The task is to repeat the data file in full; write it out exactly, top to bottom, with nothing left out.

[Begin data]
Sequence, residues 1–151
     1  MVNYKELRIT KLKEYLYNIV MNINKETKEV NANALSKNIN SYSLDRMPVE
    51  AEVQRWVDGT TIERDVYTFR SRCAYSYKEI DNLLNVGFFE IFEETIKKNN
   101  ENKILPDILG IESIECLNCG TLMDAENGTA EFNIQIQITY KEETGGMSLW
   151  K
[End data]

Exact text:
Sequence, residues 1–151
     1  MVNYKELRIT KLKEYLYNIV MNINKETKEV NANALSKNIN SYSLDRMPVE
    51  AEVQRWVDGT TIERDVYTFR SRCAYSYKEI DNLLNVGFFE IFEETIKKNN
   101  ENKILPDILG IESIECLNCG TLMDAENGTA EFNIQIQITY KEETGGMSLW
   151  K